The stark reality in India is that these policies have not alleviated the conditions of workers or the rural poor. Thousands of peasants have committed suicide in recent years due to unbearable conditions.
“Industrialisation and development” cannot be achieved for the benefit of the vast majority of society, as the CPM claims, by integrating the country into an exploitative world capitalist system and wooing international capitalists who scour the globe for the cheapest possible labour and the highest possible rates of profit.
At the same time, the vast revolutionary developments in science and technology could be harnessed to eradicate poverty and raise the living standards of the masses throughout the world, including in India—but only on the basis of an international struggle to overthrow the capitalist profit system and establish a planned, socialist economy.
In opposition to the policies of the ruling elite and its appendages, the CPM and the Left Front, the working class must advance its own programme to address the social problems of working people and the landless and poverty-stricken rural poor. This means reorganising the economy for the benefit of vast majority of the people, rather than a privileged elite.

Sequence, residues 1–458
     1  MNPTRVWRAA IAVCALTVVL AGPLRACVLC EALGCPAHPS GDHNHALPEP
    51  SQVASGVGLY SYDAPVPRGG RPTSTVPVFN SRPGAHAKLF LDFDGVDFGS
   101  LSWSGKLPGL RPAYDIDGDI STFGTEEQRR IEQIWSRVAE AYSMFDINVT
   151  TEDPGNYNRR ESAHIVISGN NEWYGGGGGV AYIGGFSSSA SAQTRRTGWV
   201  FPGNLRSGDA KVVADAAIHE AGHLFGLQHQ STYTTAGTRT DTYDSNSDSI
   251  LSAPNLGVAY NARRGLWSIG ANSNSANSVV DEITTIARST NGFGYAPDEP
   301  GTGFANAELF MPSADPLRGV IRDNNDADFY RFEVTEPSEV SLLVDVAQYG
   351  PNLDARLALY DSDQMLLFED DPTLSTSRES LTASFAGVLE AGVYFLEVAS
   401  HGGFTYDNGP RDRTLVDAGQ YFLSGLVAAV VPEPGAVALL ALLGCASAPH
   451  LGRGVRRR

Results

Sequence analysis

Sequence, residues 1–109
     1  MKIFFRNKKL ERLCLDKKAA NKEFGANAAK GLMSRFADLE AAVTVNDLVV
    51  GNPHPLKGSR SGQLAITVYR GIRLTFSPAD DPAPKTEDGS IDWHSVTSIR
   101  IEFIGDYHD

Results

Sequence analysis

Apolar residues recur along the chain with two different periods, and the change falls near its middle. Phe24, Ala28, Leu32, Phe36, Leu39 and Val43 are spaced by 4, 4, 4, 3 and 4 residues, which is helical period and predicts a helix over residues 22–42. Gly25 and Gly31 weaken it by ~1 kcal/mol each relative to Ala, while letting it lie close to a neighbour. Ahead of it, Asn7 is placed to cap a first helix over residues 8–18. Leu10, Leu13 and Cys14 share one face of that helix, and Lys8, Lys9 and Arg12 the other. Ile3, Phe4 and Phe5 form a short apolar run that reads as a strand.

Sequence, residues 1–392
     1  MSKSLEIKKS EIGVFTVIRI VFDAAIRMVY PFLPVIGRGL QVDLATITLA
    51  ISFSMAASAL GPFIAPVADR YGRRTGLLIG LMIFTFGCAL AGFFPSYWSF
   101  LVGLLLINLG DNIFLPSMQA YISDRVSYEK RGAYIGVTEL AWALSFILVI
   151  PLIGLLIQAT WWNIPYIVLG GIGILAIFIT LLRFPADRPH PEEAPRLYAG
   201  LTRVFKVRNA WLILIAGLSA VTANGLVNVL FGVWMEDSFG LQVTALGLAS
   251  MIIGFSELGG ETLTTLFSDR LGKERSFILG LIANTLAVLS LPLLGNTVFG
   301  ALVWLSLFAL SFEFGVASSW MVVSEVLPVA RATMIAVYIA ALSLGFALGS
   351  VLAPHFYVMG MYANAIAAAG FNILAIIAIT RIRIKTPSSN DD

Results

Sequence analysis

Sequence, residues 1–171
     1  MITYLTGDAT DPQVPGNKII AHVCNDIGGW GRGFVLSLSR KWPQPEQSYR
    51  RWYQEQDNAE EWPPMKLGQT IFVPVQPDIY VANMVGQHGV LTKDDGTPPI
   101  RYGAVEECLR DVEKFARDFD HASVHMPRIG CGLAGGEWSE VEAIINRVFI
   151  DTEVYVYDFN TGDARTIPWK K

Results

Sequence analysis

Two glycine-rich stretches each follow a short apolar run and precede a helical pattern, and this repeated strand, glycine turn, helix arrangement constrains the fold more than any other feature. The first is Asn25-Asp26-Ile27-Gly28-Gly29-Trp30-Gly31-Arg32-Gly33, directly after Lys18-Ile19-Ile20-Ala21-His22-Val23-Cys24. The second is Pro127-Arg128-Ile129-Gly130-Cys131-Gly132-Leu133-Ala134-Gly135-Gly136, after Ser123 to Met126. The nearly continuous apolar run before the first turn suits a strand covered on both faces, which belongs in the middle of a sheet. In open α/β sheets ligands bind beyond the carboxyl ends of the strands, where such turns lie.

This programme can only be achieved, as part of the struggle for international socialism, by mobilising the working class in alliance with the oppressed peasantry to establish workers’ and peasants’ governments—in the form of the Union of Socialist Republics of the Indian Subcontinent and South Asia.
The International Committee of the Fourth International (ICFI) and its organ, the World Socialist Web Site, advance this perspective. We urge socially conscious workers, youth and intellectuals to consider this perspective and join the struggle to build a section of the ICFI in India.